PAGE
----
Current Genetics

, Volume 47, Issue 5, pp 307–315 | Cite as

During attachment Phytophthora spores secrete proteins containing thrombospondin type 1 repeats

Research Article


Adhesion is a key aspect of disease establishment in animals and plants. Adhesion anchors the parasite to the host surface and is a prerequisite for further development and host cell invasion. Although a number of adhesin molecules produced by animal pathogens have been characterised, molecular details of adhesins of plant pathogens, especially fungi, are largely restricted to general descriptions of the nature of heterogeneous secreted materials. In this paper, we report the cloning of a gene, PcVsv1, encoding a protein secreted during attachment of spores of Phytophthora, a genus of highly destructive plant pathogens. PcVsv1 contains 47 copies of the thrombospondin type 1 repeat, a motif found in adhesins of animals and malarial parasites but not in plants, green algae or true fungi. Our results suggest that PcVsv1 is a spore adhesin and highlight intriguing similarities in structural and molecular features of host attachment in oomycete and malarial parasites.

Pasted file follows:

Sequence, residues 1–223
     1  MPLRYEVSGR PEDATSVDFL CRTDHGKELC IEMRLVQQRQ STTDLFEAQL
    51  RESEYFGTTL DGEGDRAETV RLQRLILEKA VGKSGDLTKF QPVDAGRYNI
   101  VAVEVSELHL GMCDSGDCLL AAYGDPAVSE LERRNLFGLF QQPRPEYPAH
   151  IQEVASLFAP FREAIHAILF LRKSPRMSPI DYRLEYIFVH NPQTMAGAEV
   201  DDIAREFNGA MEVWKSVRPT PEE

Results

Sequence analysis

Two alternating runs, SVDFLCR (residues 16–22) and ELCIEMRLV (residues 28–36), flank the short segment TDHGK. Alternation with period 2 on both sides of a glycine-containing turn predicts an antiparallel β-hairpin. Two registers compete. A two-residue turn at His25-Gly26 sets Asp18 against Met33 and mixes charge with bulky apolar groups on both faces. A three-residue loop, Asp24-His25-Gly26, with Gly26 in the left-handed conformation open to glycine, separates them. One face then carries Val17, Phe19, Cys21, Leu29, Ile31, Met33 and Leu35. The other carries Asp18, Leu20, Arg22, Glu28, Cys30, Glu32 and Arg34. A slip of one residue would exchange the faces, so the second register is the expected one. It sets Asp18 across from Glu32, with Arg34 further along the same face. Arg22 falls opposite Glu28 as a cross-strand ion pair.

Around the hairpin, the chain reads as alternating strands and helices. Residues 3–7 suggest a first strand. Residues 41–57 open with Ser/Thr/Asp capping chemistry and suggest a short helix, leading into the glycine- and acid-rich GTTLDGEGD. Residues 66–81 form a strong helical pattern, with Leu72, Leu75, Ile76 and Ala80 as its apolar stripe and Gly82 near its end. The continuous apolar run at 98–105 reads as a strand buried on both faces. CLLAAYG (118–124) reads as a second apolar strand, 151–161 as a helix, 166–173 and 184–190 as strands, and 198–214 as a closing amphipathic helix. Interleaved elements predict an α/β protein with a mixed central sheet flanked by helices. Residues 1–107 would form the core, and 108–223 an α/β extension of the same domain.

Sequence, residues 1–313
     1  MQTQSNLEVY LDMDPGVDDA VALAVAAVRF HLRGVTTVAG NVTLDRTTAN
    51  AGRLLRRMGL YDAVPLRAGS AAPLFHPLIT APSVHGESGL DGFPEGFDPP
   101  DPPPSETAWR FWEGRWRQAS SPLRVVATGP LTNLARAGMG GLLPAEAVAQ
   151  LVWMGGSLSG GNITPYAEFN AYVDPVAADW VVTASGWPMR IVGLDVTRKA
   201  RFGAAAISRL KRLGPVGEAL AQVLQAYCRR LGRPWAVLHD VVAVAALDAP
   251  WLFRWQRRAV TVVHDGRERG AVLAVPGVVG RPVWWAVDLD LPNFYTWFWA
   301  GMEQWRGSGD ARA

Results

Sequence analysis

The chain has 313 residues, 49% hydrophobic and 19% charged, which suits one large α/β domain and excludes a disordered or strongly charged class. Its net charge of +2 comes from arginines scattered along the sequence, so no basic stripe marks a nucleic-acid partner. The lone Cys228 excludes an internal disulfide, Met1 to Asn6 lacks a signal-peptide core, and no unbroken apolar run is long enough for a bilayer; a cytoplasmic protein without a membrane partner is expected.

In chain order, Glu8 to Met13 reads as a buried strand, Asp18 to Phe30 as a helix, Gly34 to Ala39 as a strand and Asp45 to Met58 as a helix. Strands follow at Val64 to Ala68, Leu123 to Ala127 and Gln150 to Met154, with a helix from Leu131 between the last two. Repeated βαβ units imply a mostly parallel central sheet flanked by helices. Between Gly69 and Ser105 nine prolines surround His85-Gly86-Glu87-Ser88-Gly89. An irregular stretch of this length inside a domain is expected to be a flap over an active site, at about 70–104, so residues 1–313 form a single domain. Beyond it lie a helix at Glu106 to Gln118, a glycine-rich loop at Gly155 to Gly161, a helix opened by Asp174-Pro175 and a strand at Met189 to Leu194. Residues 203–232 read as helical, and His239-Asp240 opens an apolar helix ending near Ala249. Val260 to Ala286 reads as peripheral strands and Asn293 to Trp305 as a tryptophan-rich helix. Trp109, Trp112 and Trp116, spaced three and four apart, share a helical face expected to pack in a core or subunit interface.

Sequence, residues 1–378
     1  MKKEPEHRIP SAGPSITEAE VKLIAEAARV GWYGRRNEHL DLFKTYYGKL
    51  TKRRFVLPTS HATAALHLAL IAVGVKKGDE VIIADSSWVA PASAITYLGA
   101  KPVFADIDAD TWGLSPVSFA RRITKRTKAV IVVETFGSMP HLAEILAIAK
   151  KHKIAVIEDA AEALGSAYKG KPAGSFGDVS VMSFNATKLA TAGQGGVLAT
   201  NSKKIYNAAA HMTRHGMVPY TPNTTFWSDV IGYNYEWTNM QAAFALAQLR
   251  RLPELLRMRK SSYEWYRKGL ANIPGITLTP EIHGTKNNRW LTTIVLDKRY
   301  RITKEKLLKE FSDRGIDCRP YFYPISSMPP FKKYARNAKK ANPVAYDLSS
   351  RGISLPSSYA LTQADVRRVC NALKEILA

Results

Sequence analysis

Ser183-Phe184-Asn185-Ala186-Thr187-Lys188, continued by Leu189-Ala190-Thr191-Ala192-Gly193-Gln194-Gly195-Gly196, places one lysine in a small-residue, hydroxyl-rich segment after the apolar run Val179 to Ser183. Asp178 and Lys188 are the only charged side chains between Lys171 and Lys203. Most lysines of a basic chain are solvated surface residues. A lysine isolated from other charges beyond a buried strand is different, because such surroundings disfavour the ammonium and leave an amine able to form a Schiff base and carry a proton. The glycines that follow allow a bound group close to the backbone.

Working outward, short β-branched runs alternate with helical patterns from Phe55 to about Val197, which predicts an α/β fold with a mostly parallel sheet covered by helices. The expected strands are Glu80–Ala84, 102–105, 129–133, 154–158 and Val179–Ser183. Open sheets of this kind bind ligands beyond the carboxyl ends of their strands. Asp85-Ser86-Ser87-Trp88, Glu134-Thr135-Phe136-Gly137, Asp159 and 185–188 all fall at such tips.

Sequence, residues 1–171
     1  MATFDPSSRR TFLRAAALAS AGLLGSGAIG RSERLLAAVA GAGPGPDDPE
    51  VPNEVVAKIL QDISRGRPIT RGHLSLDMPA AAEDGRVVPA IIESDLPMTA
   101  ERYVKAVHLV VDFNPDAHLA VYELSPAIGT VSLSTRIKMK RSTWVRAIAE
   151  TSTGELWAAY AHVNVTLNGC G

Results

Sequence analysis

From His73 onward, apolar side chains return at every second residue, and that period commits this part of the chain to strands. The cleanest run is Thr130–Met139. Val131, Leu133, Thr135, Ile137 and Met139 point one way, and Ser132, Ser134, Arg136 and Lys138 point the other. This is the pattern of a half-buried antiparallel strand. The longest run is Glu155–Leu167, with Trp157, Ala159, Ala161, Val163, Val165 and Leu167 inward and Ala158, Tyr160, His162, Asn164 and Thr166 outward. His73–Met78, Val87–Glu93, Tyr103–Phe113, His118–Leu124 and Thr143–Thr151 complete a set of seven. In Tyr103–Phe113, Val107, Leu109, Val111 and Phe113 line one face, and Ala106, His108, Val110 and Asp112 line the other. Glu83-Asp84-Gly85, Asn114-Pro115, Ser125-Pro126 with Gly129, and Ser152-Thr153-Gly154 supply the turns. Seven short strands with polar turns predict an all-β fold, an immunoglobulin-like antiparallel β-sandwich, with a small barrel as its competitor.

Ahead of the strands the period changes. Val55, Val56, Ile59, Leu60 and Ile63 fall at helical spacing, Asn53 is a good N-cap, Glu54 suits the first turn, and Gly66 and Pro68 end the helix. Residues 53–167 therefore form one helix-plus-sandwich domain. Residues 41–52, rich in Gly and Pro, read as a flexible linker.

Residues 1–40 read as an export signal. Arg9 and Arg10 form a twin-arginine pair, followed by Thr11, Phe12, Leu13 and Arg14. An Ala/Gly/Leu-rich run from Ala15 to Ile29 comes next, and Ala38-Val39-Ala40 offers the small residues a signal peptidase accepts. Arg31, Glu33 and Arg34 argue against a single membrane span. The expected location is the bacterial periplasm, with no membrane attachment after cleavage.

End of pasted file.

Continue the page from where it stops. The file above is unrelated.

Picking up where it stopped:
Adhesion Fungal spores Phytophthora Plant pathogen Thrombospondin type 1 repeat 



We thank V. Maclean and J. Elliott for excellent technical assistance, L. Blackman for Fig. 4a, F. Gubler for Fig. 1g and L. Lange for the production of Plasmopara zoospores.


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Copyright information

© Springer-Verlag 2005

Authors and Affiliations

  1. 1.Plant Cell Biology Group, Research School of Biological SciencesThe Australian National UniversityCanberraAustralia

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